1 Write them down
Find a journal or a piece of paper or even a note in your phone, something you’ll be able to reference easily, and write down your goals for the year. You can get crazy with spreadsheets and categories and pretty colored pens, or you can just simply bullet out a few of your resolutions in the front of your notebook. The key is having a record of what you want to accomplish so you can revisit it often, and also be able to check in on your progress throughout the year.
2 Have a plan
A goal on its own is great, but having actionable steps planned out for achieving that goal makes you so much more likely to be successful. For instance, if you know you want to start doing more yoga, you’ll probably want to decide your budget for classes on a monthly basis, where you might want to take them, and what days and times of the week work best for your schedule. Also, how will you measure this goal? Determine what will cause you to look back at the end of the year and be proud of yourself for achieving what you set out to do — i.e. making it to at least two classes a week for the year, or being able to nail a pose that was difficult for you when you first started.
3 Share your resolutions with others
I’m a big fan of asking people what their goals are for the coming year and getting to share mine with them in return. This past year, I spent NYE hosting a small dinner party at my house before hitting up our local bar to ring in the new year, and over dinner we all took turns sharing our resolutions for the year. This practice invites the people close to you into your plans and allows for greater accountability throughout the year and built-in cheerleaders as you start accomplishing your goals!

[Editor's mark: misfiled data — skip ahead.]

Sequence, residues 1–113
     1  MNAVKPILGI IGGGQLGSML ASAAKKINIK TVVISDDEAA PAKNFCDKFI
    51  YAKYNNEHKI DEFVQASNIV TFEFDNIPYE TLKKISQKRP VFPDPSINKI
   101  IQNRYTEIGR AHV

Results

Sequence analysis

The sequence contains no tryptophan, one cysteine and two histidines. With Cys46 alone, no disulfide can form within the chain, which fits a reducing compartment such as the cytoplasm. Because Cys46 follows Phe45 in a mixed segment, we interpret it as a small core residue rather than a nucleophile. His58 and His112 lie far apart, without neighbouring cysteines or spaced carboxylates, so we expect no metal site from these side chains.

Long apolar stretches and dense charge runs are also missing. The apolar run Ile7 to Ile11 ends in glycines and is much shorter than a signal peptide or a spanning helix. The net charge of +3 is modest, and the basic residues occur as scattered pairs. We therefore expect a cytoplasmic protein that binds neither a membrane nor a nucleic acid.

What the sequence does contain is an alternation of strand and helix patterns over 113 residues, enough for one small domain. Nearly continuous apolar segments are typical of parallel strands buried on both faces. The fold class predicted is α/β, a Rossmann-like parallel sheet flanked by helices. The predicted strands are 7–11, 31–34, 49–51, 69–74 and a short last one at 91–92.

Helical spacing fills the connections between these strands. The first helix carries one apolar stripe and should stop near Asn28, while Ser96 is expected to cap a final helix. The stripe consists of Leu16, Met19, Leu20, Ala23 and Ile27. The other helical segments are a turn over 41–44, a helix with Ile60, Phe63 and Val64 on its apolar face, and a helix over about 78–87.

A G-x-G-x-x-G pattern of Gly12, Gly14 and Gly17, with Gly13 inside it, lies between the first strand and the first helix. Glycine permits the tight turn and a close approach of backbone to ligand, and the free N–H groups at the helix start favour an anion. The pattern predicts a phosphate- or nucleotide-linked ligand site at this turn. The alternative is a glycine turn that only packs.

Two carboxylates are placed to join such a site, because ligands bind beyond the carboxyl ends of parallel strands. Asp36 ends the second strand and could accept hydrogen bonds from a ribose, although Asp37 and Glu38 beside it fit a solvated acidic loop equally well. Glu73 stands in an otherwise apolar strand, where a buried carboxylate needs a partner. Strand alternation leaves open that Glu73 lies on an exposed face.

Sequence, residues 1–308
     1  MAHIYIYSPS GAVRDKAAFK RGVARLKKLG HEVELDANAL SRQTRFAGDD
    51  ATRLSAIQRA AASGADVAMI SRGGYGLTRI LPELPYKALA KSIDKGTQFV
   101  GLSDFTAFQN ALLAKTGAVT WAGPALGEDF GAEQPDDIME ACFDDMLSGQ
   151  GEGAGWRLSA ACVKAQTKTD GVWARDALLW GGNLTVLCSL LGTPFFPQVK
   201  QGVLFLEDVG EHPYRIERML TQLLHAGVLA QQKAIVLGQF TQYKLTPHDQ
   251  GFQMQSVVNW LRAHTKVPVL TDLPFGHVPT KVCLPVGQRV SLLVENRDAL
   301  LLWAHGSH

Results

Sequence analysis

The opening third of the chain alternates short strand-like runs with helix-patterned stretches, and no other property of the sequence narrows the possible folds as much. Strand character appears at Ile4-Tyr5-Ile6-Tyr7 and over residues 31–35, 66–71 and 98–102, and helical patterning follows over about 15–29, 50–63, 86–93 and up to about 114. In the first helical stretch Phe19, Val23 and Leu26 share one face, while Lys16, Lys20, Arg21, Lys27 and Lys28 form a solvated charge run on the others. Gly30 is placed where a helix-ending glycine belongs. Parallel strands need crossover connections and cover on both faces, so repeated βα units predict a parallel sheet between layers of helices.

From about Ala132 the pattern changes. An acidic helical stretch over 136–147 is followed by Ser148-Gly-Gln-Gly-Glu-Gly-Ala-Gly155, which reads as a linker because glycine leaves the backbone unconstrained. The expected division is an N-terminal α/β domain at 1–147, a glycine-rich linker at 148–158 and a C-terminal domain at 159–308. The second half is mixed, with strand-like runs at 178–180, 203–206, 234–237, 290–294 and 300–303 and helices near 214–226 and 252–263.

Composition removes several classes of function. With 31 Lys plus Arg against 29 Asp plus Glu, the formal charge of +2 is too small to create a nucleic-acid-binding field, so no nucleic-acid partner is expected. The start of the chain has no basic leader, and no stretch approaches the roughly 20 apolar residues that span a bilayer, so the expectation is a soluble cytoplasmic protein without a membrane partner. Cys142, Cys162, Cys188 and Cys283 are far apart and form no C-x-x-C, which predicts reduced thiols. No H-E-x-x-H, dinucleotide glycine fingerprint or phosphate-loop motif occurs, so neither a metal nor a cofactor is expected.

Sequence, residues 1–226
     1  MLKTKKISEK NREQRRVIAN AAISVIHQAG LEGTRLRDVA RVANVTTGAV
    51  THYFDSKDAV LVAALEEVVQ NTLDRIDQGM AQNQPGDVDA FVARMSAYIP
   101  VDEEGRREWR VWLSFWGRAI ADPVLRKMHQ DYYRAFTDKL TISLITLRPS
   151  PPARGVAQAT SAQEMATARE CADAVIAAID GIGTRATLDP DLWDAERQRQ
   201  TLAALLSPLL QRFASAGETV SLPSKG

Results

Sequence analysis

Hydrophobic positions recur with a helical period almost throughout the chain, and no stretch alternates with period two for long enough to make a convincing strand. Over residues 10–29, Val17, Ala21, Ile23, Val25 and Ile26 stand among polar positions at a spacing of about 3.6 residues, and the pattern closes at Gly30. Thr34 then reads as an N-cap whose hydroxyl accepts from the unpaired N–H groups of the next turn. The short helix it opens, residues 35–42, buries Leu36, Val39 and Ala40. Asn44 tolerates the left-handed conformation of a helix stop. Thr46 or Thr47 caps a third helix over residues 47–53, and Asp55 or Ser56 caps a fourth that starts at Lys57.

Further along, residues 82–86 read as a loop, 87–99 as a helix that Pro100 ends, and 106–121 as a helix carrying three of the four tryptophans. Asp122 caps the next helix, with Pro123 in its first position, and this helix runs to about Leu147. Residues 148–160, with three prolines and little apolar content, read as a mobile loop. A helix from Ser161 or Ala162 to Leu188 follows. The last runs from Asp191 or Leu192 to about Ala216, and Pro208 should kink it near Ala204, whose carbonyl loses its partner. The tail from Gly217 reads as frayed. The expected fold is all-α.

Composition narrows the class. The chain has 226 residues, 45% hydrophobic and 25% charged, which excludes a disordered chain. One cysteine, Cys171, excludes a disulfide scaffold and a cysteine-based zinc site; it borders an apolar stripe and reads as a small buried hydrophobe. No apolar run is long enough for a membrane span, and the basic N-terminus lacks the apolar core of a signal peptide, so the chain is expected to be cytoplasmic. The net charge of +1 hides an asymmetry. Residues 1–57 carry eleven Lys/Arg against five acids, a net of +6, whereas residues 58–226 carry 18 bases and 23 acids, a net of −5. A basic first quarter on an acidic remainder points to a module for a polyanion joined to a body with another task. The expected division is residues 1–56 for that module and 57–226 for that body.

4 Be realistic
If you’re ambitious or overly excited about things like me, it can be easy to get carried away with coming up with one too many goals for your year. Be mindful not to bite off more than you can chew when it comes to planning for the new year. Try limiting your big resolutions to two or three things you want to work on, or come up with one goal per “category” in your life — i.e. health, fitness, work, finance, etc. If you have too many goals to keep track of, or you choose something that’s too big of a leap from where you’re at now (such as going from not meditating at all to trying to spend 30 minutes every day meditating come Jan. 1), your plan won’t be sustainable, and you’ll be more likely to give up.
5 Celebrate your milestones
Choosing to become a more healthy and full version of yourself is no small feat. And making those changes shouldn’t go unrecognized or uncelebrated by you! As you reach certain milestones you set out for yourself — turning your phone off for two hours every night for a week straight, learning one new healthy recipe per week, making a budget and sticking to it for a month — come up with ways to reward yourself that will make you motivated to keep going. Growth and progress should be celebrated, and it’s important to create moments to be proud of yourself for the good things you’re doing for your mind, body, and soul.
End-of-year reflection and goal-setting doesn’t have to be hard or scary. Keep some of these simple tips in mind as you approach your new year’s practices, and most of all, allow yourself to be excited about the positive changes you’re choosing to embrace for your life. Cheers and a happy and healthy new year to you!